A question of medical ethics from SomaliaBMJ 2004; 329 doi: https://doi.org/10.1136/bmj.329.7457.119 (Published 08 July 2004) Cite this as: BMJ 2004;329:119
- Robert T A Scott, principal in general practice (firstname.lastname@example.org)
- Drumchapel Health Centre, Glasgow
“Absolute morality is the regulation of conduct in such a way that pain shall not be inflicted”
Herbert Spencer, Essay on Prison Ethics
We were about to turn back from our evening walk when a nurse pushing a wheelbarrow hailed us. In it was a bundle of rags. Closer examination showed they were covering a girl curled like a sleeping dog. Two terrified eyes looked up in despair. The nurse snapped out the problem: “Bleeding for four days after circumcision!”
Wordlessly I followed the small, tragic procession into the hospital. The wheelbarrow, with its tiny pathetic passenger, led the way into the treatment room, where a lamp sat in a puddle on a wooden bench. In the oppressive heat I could taste the nauseating fumes of paraffin. The barrow came to a stop and was abruptly bumped down.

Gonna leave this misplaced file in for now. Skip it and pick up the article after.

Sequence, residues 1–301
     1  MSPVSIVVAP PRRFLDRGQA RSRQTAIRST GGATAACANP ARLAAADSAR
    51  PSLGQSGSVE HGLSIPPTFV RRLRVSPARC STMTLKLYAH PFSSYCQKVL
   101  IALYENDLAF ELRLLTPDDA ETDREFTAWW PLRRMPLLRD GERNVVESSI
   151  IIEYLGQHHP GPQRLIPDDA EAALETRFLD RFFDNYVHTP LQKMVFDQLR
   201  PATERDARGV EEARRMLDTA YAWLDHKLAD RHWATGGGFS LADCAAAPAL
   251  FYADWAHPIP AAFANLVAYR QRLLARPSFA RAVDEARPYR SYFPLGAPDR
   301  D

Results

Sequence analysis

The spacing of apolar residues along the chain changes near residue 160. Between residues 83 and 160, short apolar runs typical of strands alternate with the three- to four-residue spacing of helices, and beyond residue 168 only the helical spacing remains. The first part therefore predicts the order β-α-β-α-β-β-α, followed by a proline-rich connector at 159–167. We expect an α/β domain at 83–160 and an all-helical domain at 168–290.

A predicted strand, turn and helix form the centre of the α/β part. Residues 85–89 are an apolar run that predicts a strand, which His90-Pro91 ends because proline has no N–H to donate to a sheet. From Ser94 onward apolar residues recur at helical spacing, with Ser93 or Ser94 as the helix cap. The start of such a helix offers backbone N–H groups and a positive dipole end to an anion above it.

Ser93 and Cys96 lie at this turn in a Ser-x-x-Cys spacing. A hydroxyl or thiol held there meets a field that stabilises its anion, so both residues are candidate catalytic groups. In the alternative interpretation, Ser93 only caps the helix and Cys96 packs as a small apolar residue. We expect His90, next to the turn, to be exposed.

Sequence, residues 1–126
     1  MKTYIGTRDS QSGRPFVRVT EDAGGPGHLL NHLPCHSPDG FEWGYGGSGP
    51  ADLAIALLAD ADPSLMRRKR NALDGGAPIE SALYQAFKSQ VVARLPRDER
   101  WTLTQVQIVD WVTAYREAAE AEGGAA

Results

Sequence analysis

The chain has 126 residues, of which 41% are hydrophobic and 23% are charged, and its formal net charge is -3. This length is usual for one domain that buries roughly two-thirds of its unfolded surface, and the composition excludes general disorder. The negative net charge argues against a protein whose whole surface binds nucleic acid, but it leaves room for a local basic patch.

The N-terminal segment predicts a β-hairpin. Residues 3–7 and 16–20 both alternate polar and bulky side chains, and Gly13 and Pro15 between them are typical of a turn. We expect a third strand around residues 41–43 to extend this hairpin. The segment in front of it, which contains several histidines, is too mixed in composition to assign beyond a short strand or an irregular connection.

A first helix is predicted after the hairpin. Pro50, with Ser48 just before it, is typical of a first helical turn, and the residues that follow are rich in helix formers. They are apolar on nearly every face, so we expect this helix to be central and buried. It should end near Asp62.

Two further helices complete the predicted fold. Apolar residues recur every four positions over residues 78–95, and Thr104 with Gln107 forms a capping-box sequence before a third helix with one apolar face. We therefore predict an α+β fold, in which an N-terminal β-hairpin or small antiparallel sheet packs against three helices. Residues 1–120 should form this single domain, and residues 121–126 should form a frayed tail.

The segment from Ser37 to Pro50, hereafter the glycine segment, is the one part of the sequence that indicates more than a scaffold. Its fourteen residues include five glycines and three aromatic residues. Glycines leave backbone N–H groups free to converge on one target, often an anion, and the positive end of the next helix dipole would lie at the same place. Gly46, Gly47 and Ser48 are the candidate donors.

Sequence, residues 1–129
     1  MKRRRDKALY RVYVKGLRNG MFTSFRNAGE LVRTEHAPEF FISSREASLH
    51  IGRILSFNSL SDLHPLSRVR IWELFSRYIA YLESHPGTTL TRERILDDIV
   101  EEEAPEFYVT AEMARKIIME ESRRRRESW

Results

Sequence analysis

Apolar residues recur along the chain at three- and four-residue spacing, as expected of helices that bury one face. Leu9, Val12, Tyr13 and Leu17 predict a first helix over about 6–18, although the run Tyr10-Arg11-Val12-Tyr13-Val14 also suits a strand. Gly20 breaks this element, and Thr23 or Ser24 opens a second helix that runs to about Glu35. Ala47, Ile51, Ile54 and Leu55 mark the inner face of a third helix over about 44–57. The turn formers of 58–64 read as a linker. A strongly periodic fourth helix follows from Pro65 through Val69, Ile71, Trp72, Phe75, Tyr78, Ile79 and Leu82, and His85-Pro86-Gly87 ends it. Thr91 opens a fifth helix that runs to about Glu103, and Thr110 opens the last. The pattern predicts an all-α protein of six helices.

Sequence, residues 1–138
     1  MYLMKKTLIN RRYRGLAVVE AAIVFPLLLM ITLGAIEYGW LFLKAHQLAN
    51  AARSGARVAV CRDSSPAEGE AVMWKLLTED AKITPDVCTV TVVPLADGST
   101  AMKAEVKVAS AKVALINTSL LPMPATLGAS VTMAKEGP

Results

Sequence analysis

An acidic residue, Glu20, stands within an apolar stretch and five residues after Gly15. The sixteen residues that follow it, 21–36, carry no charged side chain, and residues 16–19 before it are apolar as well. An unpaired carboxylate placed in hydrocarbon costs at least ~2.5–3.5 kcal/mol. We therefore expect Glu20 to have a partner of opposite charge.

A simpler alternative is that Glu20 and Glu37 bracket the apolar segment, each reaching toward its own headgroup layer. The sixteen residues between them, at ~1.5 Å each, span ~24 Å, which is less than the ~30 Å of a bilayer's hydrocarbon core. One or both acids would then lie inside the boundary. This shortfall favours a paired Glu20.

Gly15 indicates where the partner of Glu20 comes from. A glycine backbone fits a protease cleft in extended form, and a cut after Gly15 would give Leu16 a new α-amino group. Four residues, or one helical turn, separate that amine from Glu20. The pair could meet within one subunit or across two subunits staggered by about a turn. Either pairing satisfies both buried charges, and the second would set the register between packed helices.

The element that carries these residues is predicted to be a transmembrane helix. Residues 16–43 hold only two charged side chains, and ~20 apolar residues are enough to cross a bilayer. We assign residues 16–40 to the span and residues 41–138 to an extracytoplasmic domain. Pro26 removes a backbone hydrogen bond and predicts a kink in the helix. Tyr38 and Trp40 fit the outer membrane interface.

Why does such barbarity continue?
The nurse scooped the girl into her arms and dropped her on to the couch. She barked out a command for her to bend her knees. There being no response, she roughly …
Log in using your username and password
Log in through your institution
Register for a free trial to thebmj.com to receive unlimited access to all content on thebmj.com for 14 days.
Sign up for a free trial